By Jean Latz Griffin
Power. Peace. Compassion. Beauty.
Both have come to this geographical and occupational space from elsewhere. Lanoue was an investigative reporter in New York before becoming a karate teacher; Ludden was a California dancer and audiologist. At some point, both women realized that many of their spiritual, political, physical and aesthetic goals could be met in the practice and teaching of karate. Eventually, it also became a way to make a living.
"My mission for this dojo is to create a space where people can learn a beautiful art form and empowering practice that fosters mindfulness and helps people become more peaceful and compassionate," Lanoue said. "We need this. The world is a mess. We have to train people how to deal with violence without becoming violent themselves. Our goal is to help people in their body, mind and spirit."
Ludden, who fell in love with karate when she attended a "Karate for Dancers" workshop in 1974, sought out martial arts as "an art form that is healthy and empowering."
"When I was in ballet class, it seemed like there was an emphasis on being dainty," Ludden said. "I was never good at doing dainty. I felt like I should be the security in the back of the room. I wanted to do the lifting as well as being lifted. Ballet lacked the athleticism and strength that I saw in women."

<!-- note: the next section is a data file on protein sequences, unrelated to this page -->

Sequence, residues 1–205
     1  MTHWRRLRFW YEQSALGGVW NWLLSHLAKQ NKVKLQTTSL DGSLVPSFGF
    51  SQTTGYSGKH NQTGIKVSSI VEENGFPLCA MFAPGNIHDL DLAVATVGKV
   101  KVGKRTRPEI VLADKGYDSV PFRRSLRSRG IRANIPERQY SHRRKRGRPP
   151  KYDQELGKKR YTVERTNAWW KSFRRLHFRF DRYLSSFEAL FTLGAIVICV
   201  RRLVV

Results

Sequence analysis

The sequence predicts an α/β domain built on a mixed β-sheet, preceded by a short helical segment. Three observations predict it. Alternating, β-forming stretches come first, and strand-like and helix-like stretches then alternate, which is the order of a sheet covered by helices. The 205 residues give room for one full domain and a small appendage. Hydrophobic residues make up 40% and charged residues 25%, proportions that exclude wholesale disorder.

Ludden was trained in a Kung Fu style of karate, called Kujukenbo, in Oakland. Lanoue learned Seido Karate from Tadashi Nakamura in New York. The Thousand Waves dojo is an official branch of the international Seido Karate organization. Ludden and Lanoue have learned each other's forms, and the school teaches both.
The name "Thousand Waves" refers to a Japanese Zen saying: "One wave sets thousands in motion," and Lanoue says it was chosen "to foster mindfulness of the ways our own individual actions create ripples outward, affecting others in ways we can barely imagine."
The current business is an outgrowth of an earlier venture – The Women's Gym – which was founded by Lanoue and her first partner, Jeanette Pappas, and which almost ended when Pappas died of pancreatic cancer in 1989.
"I was feeling completely unable to manage to do this by myself," Lanoue said. "I had been drawn into opening The Women's Gym by a more experienced partner who was ten years older than I was. She had the money and expertise and designed everything. When she got sick and died, I didn't think I had the skills or the will to do it."
Lanoue and Pappas had created the Women's Gym as a place where women, primarily lesbians, could exercise and relax, work on the health of the body and spirit, without many of the judgmental attitudes found in traditional health clubs or spas. They chose a corner space on Belmont St. on the north side of Chicago, where Pappas' designer skills took three floors of a former retail store and used open spaces and feminine aesthetics to create a feeling of lightness and serenity. Among plants and paintings, women practiced martial arts and self defense, took aerobics classes and lifted weights.